1. The Anti-Treatyite IRA was at a dead end as a body and should disband, with only the IRB able to provide a pivotal point to arrange this.
2. The IRB was fully controlled by the Army Council. It was possible that within a couple of years, the IRB could evolve into an open political society, much like the Irish Volunteers had done.
3. While the Government might not want to associate with a secret society like the IRB, it was essential that the state control the moulding of the Organisation, both as a constructive entity and as a means for penitent Anti-Treatyites to withdraw from the Civil War with honour.[7]

The problem with these noble-sounding, if wistful, ambitions is that there is no evidence of any attempts to put them into practice. Ó Muirthile’s later account made it clear that the reaction of the Army Council, including Mulcahy, towards the letter was an imperious, if not contemptuous, one – hardly the best basis for an IRB outreach programme.

Whether the IRB could become an open society and not a secret one, using the Irish Volunteers as its template, is a question that would never be answered. However, there is nothing in the 1923 Constitution to suggest any such leanings. If anything, the old oath to keep the secrets of the Brotherhood and the right of the Supreme Council to punish any errant members remained on paper.

As for the notion of the state being allowed to guide the IRB, that would again be in contrast to the list of goals in the 1923 Constitution which made it plain that the new role of the Organisation was to be the other way around. Far from being given the keys to the Brotherhood, state ministers were kept in the dark for long as they could be.

Suspicious of rumours he was hearing about Army officers being summoned from all over the country to sit in secret sessions, the Minister of Justice, Kevin O’Higgins, confronted Mulcahy in February 1923. With no small amount of chutzpah, the general blandly denied that there was anything behind such reports.

Mucahy’s statements to the Dáil must thus be seen as excuses and rationalisations after the fact, for all the evidence points to the IRB being for the IRB first and foremost.

Kevin O’Higgins Concerns

This revived IRB was to be very much an elitist affair. The informal meetings that Ó Muirthile had characterised the IRB revival had been between those with previous experience in the administrative roles for the Organisation. Ó Muirthile took care to consult former Supreme Council members and IRB officers but made no effort to reach out to ordinary initiates.

FSA2This was more than mere thoughtless but part of a glass-ceiling policy. As he described later in his memoirs, Ó Muirthile did not think it wise to be indiscriminate in the shaping of the new Brotherhood. This cartel within a cabal soon led to resentment among those on the outside, a simmering discontent that would have ruinous consequences for all concerned.[8]

But before that, Ó Muirthile had more immediate worries. Shortly after seeing O’Hegarty, Ó Muirthile heard that Kevin O’Higgins, the Minister for Justice, had found out about the efforts within the Army to revive the IRB. Wishing to head off any future problems, Ó Muirthile discussed the matter with Mulcahy, and they agreed to invite O’Higgins to a meeting where they could soothe his fears.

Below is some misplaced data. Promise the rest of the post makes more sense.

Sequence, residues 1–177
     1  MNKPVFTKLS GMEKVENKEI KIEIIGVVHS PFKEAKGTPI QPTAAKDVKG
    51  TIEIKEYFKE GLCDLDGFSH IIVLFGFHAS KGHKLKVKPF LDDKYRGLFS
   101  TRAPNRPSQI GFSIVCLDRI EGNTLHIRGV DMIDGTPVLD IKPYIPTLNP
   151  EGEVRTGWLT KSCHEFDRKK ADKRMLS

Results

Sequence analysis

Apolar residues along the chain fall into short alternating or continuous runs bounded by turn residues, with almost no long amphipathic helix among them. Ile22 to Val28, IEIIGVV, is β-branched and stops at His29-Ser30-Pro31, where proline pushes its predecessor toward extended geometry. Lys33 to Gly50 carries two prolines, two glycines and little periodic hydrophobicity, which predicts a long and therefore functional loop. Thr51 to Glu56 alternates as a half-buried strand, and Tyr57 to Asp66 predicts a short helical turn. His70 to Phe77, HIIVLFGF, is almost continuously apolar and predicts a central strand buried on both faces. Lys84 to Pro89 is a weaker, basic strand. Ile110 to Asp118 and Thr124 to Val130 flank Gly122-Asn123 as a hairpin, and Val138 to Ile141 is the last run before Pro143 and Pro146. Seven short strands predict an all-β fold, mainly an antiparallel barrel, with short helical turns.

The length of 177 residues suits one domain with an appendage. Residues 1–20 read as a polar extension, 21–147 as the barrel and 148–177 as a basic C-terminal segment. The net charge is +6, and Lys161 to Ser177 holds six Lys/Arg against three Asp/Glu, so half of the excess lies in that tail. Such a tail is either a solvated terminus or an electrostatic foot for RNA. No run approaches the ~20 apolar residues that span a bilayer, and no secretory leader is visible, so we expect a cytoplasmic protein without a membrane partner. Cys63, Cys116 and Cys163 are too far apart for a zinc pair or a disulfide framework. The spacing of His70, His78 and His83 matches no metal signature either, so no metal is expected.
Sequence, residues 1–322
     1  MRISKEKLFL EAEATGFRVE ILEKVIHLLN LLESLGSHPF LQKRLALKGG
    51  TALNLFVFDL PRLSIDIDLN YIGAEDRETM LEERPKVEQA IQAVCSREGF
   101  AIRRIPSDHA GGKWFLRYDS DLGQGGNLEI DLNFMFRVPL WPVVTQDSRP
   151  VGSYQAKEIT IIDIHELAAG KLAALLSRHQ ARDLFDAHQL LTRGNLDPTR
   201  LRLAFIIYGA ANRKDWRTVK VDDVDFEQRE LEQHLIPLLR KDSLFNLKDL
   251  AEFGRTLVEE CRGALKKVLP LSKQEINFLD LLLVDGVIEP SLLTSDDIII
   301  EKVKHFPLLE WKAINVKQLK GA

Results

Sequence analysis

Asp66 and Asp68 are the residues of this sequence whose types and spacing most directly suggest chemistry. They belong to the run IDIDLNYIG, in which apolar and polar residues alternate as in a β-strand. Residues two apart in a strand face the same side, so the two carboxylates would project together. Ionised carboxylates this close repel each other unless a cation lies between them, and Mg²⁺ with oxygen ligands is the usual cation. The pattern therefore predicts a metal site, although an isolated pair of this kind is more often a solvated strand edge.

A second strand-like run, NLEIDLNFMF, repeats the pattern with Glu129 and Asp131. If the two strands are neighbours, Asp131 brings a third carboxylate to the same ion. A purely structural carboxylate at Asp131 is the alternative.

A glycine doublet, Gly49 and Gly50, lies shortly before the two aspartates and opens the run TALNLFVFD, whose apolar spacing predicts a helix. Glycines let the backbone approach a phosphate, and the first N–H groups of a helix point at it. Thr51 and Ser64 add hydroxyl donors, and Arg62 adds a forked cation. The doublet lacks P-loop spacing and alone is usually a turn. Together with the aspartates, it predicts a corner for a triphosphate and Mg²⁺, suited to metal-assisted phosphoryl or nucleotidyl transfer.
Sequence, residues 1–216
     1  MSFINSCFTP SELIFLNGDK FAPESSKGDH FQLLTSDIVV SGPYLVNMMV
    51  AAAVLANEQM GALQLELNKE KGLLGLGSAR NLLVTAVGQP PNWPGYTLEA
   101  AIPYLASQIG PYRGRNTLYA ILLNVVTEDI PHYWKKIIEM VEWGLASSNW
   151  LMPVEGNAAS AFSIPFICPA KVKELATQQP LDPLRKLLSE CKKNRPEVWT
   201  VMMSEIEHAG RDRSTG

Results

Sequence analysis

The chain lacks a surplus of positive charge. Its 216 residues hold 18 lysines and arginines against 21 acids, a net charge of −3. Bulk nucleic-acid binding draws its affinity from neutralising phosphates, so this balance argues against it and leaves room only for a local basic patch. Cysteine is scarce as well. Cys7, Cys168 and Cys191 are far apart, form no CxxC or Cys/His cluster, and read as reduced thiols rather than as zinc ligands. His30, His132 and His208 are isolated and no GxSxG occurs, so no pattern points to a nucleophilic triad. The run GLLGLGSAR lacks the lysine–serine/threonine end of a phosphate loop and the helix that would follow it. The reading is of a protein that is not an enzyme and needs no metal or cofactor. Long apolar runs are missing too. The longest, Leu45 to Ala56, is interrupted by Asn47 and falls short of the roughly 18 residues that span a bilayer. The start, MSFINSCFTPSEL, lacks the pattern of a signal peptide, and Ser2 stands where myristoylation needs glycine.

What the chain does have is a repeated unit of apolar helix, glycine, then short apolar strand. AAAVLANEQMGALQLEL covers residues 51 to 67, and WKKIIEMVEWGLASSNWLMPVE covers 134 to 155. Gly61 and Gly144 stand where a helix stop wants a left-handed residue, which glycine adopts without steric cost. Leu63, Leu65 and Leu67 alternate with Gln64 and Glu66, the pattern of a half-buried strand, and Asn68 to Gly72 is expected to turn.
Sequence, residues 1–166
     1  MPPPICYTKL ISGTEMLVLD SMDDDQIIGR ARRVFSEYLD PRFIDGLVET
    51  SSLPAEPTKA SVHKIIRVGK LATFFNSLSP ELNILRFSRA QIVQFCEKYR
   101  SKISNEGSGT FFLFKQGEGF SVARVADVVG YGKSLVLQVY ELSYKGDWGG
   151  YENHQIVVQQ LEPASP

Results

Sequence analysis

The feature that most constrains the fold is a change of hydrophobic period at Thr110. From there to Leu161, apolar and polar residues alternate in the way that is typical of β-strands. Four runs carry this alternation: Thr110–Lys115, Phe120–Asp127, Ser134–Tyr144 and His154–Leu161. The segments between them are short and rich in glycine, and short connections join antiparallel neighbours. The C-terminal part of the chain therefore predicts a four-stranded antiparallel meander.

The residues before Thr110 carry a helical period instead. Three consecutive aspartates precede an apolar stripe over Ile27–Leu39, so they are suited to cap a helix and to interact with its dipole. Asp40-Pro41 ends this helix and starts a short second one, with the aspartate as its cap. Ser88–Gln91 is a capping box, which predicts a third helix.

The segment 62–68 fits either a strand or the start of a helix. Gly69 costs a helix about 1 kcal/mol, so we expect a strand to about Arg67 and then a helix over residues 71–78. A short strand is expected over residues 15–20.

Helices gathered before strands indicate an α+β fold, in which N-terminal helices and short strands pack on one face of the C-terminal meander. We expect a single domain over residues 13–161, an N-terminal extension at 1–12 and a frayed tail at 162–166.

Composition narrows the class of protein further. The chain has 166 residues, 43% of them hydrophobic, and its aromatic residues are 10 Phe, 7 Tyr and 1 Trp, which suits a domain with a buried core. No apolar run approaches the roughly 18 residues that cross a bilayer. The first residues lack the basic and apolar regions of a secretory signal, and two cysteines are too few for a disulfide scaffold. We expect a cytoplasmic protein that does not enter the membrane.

As O’Higgins later recalled, Mulcahy came to him “in a purely personal way” which the minister found distasteful. Another bit of overfamiliarity was how the general referred to Seán Ó Muirthile by name rather than by his rank of Lieutenant-General. O’Higgins made his displeasure plain at the subject of the IRB. He may also have been a member in the pre-Truce days but now, secret societies could only be detrimental to the state of the Army, not to mention the country. Mulcahy accepted this but asked O’Higgins to come along to the meeting all the same.[9]

It was on this unpromising start that the meeting was held on the 10th July in the office of President W.T. Cosgrave. Cosgrave was present along with O’Higgins and the Minister for Education, Eoin MacNeill. Representing the IRB were Ó Muirthile and Mulcahy. Ó Muirthile began by bringing up the subject of Tom Barry’s letter, which was discussed in a general way by those present but resulted in nothing definite.

The talk then turned to the IRB. Ó Muirthile was happy to outline to his audience the activities of the society before and after the Treaty. He was to leave the meeting confident that the ministers had understood his position and accepted the IRB as part of the new state of affairs.

On that score, however, Ó Muirthile was to be very, very much so mistaken.[10]

A Conspiracy against the Conspiracy

Liam-Tobin1
Liam Tobin

Another erroneous assumption on Ó Muirthile’s part was that the junior IRB members who found themselves disenfranchised would passively acquiesce. A rival faction was formed out of these frustrations: the IRA Organisation (IRAO), also called the Old IRA or the Tobin Gang after Liam Tobin, one of its ringleaders and a former gunman in Michael Collins’ Squad.

Tobin added the foreword to The Truth about the Army Crisis, the document disseminated by the IRAO to explain its motives and grievances. The impact The Truth had on a wider audience is doubtful, and there no evidence that it rallied any segment of the Irish public to its cause, but it does reveal much about the conflict between the IRAO and the IRB, how they differed and, more importantly, where the groups overlapped.

The main difference between The Truth’s and Ó Muirthile’s version of events is which group came first: the IRB or the IRAO. According to the former, the IRB had never gone away to begin with, and was keen to stress the continuity between the ideals of the IRB of old and the aspirations of the new: